Food in BKK – Foon Talob

Results of the second cheesemaking attempt is coming soon… thank you for your patience.  In the meantime:

After returning from our trip to the US in late March, Tawn and I had a conversation about the food in Bangkok that we really miss when we are away.  In my mind, this list is much shorter than the list of food from San Francisco I miss now that I live here.  One of the Bangkok foods that did come to mind was the gai tod (fried chicken) and som tam (green papaya salad) served at Foon Talob (ฝุ่นตลบ) at the Chatuchak (sometimes “Jatujak”) Weekend Market.

As a special treat, Tawn agreed to serve as host for our video visit.  You can watch him introducing the cuisine of Foon Talob here:

Otherwise you can read about it and see the pictures below:


Foon talob translates as “dust all over” and the idea is of a Northeastern Thai (Issan) style roadside restaurant, a place where there would be dust all over the place.  The restaurant is open air but covered, adjacent to a paved walkway and rows of stalls.  In the hot season it is quite warm.  But even then it is quite popular, filling up by early afternoon with everyone sitting shoulder to shoulder and back to back in the tightly spaced rows of tables and stools.


Next to the open air kitchen is a little offering for the gods, a bit of food, sticky rice, and water with the ashes of incense scattered on the plate, a request for good fortune and business success that day.


I’m inclined to think that fried chicken is one of the most universal foods.  So many cultures have fried chicken … even before KFC arrived!  Here, freshly butchered chicken is breaded in a heavily seasoned coating and then dropped into a wok of boiling oil.  The end result is crispy on the outside but tender and juicy on the inside.  It is served with two sauces: The one in the back is really spicy and the one in the front is mostly sweet with only a little spice.  Always, always, always, the fried chicken is eaten with a bowl of sticky (glutinous) rice.


Fried chicken just isn’t Issan fried chicken without a side dish of som tam or green papaya salad.  Hundreds of green papayas are shredded each day to serve the customers.


To the green papaya is added lime, tomatoes, dried shrimp, peanuts, sugar, fish sauce, and chilies.  The mixture is pounded with a mortar and pestle, making a sound that in Thai is described as “pok pok…” providing a handy synonym for som tam.


The end result is a tangy, sour, slightly salty, and often very spicy salad that is really refreshing in the hot weather.


Another popular side dish is laab (sometimes Anglicized as “larb”).  Usually made with ground pork (although you can make it with other meats) the salad has ground toasted rice grains, shallots, green onions, lime juice, fish sauce, and chili flakes fried together then served on a bed of basil and mint.  Varying degrees of spice but always a very flavorful dish.


For a special treat, we ordered a grilled Northern Style pork sausage.  The meat is heavily spiced and flavorful.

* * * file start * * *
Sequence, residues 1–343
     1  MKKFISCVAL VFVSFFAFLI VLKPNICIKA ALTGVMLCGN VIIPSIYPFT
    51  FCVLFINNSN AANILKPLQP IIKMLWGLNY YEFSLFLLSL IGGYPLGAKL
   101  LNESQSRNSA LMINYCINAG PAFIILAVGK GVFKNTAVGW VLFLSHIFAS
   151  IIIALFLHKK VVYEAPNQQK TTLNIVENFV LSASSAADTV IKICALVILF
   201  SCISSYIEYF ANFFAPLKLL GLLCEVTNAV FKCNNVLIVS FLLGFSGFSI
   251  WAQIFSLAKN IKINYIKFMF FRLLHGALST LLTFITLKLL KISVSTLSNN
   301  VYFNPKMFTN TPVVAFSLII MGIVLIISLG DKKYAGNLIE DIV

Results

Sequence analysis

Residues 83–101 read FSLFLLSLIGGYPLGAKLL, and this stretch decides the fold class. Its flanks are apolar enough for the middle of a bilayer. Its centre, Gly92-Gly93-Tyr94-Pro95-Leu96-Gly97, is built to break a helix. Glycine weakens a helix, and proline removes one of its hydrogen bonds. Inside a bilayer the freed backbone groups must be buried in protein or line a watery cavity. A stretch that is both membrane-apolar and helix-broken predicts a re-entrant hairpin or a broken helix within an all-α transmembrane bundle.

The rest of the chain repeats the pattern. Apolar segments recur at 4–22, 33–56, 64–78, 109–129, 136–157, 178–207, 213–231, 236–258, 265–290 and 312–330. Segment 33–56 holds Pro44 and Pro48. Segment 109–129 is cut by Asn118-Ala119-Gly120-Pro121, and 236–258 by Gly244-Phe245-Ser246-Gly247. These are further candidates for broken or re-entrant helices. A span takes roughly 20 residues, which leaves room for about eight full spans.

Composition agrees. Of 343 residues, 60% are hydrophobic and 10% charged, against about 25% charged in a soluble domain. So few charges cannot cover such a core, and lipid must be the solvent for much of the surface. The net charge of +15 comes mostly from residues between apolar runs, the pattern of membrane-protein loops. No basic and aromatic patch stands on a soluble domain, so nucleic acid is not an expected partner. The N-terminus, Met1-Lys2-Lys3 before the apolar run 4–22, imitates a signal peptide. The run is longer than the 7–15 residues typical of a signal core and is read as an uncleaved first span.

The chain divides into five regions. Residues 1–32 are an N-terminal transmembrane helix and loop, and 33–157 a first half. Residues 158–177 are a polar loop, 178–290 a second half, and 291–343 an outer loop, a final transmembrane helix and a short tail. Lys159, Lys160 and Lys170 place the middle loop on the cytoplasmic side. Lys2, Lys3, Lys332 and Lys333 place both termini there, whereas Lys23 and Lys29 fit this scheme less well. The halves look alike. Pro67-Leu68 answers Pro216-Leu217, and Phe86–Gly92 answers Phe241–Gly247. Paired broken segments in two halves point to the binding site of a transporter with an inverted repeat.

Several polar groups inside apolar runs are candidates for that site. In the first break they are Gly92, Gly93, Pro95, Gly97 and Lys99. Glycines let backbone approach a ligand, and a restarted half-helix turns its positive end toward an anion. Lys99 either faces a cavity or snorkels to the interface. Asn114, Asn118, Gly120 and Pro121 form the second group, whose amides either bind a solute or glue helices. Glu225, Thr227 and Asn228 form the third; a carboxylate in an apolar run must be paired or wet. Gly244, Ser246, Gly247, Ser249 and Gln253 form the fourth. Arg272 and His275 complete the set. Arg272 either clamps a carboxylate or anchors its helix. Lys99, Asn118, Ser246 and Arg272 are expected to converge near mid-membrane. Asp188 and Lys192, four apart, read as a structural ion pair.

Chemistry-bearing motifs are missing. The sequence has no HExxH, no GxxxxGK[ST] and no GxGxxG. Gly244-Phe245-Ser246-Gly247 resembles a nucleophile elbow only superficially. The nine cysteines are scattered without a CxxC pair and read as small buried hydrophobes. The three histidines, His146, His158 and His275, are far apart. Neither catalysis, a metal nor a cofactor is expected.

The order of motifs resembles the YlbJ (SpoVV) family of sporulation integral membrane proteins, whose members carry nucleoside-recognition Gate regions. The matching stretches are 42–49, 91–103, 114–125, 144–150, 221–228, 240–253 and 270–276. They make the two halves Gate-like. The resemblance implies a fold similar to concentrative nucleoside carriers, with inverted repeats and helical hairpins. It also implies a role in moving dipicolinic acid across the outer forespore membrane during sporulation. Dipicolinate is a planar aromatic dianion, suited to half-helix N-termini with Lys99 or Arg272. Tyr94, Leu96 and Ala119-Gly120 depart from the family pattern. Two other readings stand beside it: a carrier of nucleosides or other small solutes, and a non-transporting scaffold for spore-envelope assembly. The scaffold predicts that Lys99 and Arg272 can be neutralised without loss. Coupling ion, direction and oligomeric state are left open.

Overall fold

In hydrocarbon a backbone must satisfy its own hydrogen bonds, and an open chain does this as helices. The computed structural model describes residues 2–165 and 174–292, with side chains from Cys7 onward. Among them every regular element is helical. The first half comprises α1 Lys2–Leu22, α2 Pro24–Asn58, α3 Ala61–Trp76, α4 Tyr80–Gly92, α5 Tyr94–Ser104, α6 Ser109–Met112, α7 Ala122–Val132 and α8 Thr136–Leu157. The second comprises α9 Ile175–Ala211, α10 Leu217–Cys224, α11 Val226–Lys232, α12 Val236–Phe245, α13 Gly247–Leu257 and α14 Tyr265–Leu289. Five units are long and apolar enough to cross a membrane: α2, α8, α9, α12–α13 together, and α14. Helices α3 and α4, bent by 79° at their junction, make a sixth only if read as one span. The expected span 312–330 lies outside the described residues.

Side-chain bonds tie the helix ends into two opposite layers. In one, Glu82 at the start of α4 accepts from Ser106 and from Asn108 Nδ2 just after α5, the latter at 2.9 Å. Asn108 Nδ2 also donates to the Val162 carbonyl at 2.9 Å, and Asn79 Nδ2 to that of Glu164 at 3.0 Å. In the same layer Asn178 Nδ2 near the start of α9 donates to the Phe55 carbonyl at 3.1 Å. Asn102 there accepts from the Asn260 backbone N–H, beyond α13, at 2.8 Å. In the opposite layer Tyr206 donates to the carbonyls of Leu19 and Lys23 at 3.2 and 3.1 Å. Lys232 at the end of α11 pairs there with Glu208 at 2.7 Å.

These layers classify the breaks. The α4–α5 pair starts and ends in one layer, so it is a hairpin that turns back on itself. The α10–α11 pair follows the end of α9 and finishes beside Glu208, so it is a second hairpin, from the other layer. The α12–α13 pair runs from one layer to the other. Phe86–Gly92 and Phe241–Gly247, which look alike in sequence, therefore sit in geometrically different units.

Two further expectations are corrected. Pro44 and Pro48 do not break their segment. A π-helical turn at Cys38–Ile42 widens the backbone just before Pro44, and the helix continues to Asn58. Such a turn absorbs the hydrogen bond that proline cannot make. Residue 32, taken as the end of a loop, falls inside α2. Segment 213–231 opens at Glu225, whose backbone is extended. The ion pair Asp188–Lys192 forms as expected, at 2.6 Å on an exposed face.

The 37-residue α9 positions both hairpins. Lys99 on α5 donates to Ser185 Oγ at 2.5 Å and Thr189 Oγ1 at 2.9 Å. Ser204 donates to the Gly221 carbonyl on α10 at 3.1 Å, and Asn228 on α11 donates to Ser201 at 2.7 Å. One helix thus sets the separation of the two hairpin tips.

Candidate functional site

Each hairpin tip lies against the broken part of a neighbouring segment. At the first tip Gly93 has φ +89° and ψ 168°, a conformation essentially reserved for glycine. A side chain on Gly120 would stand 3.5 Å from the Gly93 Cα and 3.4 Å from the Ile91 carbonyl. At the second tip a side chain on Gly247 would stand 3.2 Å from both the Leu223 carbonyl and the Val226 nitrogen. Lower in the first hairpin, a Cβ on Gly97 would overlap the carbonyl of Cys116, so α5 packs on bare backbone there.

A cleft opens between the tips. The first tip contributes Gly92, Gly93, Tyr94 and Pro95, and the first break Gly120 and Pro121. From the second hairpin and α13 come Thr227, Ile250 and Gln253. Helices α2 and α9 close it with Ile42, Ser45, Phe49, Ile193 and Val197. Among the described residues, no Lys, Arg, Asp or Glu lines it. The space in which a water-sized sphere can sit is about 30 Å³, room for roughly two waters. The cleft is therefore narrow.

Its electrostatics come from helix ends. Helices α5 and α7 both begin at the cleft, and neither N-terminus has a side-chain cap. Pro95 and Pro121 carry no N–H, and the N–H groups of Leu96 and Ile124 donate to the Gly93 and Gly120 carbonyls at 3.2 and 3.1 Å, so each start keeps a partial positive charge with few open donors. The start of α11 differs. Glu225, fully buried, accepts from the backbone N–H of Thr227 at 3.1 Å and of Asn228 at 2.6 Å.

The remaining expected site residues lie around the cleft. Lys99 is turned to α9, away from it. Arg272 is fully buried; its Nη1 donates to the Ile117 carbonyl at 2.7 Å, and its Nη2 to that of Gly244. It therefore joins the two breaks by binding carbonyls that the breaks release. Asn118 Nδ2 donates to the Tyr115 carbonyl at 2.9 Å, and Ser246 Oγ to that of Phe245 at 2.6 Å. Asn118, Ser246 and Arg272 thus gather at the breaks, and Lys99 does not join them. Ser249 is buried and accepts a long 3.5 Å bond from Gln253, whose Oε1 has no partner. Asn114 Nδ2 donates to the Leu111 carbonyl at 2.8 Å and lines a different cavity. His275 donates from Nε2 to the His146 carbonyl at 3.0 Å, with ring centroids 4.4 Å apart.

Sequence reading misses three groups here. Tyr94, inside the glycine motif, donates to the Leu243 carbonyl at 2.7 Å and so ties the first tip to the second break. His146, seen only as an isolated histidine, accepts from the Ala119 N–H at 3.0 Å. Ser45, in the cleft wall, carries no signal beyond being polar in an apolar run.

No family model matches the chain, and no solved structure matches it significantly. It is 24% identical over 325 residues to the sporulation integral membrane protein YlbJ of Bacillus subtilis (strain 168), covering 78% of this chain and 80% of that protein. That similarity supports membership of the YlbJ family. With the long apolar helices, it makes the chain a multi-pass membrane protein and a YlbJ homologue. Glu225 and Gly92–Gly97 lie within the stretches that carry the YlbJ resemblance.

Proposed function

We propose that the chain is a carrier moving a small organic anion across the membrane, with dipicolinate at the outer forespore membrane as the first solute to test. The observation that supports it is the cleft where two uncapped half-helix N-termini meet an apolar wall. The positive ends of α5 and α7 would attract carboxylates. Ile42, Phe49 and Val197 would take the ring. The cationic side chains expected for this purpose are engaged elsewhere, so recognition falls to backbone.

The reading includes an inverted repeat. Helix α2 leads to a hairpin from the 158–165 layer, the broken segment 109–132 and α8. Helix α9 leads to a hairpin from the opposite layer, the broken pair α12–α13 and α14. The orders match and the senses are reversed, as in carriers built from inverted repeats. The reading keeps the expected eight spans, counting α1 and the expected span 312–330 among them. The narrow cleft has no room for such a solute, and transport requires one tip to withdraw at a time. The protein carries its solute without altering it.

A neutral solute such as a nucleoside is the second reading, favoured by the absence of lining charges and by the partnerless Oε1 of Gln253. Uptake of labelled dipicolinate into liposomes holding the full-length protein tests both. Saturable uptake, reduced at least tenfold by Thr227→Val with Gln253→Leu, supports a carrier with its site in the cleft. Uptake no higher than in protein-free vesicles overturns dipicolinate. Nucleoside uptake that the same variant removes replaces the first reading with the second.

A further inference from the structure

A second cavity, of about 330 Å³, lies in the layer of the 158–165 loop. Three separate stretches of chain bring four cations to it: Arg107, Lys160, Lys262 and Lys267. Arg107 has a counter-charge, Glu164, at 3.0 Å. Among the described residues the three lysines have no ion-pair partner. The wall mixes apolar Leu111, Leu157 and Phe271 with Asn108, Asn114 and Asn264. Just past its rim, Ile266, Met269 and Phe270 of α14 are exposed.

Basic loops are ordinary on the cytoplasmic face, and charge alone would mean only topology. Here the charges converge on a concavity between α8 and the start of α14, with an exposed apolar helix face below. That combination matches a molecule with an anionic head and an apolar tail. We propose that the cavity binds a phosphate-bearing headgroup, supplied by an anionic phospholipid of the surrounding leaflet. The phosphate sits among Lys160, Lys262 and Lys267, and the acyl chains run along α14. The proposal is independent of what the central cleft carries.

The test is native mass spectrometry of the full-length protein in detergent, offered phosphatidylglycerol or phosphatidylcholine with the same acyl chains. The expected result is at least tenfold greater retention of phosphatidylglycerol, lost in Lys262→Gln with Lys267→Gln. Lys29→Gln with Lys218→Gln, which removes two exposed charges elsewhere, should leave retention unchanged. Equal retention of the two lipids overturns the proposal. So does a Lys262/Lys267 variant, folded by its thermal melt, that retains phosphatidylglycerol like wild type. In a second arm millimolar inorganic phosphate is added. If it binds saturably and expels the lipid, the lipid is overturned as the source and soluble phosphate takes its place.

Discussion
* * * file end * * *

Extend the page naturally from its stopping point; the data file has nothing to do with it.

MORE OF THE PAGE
After lunch we headed across the walkway to a vendor serving homemade coconut ice cream.  Their twist is that they serve the ice cream in half a young coconut shell with the meat from the coconut shaved out to accompany your ice cream.


You can choose from a variety of toppings: boiled water chestnuts, hearts of palm, peanuts, condensed milk, etc.


Coconut ice cream with young coconut meat, hearts of palm, and peanuts.  Refreshing!


Upscale Issan

Kum Poon Friday evening I tagged along with Tawn as he met some of his university classmates for dinner.  This group all studied abroad and are very “worldly” in terms of being willing to try new things and broaden their tastes in music, food, art, and the like.

That said, we returned to our Thai roots for dinner, choosing a restaurant at Central World Plaza called Kum Poon, which features upscale Issan cuisine.

Issan is the northeastern region of Thailand, adjacent to Laos and Cambodia.  Poorer than the rest of the country, Issan is viewed by other Thais much in the same way that the southern United States is viewed by other Americans. 

While people from Issan are sometimes stereotyped as being lazy or backwards, the truth is that many aspects of Thai culture, including food and music, trace their roots to this region.  Not all, of course, but many.

The restaurant is very pleasant with subdued lighting, two large artificial trees, and bamboo poles lining the walls.  The effect of the spot lights filtering through the leaves is one of eating outdoors in the moonlight.  Service is reasonably attentive and very friendly.

Issan cooking is often classified into a few main categories:

The first category has two types of salad, tam and yumTam means “to pound” and the salad is made by putting the ingredients in a large mortar and pounding them with a wooden pestle.  Most common is the som tam, a salad of shredded green papaya that is pounded with other ingredients  Yum means “to mix”, so the ingredients are just mixed in a large bowl.  Certain seasonings regularly appear in these salads: lime juice, fish sauce, tiny dried shrimps, palm sugar, chilies, and sometimes tamarind paste.

The second category is laab (sometimes written “larb”), a dish made of cooked ground meat (often pork) that has shallots, ground toasted rice, lime juice and fish sauce.

The third category is yang – grilled meats.  These are often served with sticky rice, khao nieaw, a highly glutinous form of rice that can seem a little undercooked to someone who has never tried it before.

Okay, now that you’ve had your introduction to Issan food, let’s take a look at the many dishes we enjoyed.  My new “gorilla” tripod came in handy.

For starters, Issan food comes with plenty of fresh greens as condiments.  You eat these both for the textural contrast with the dishes, as well as for the cooling aspect against the sometimes fierce chilies.  Cabbage, green beans and basil are standards along with some other greens you may not have ever tried.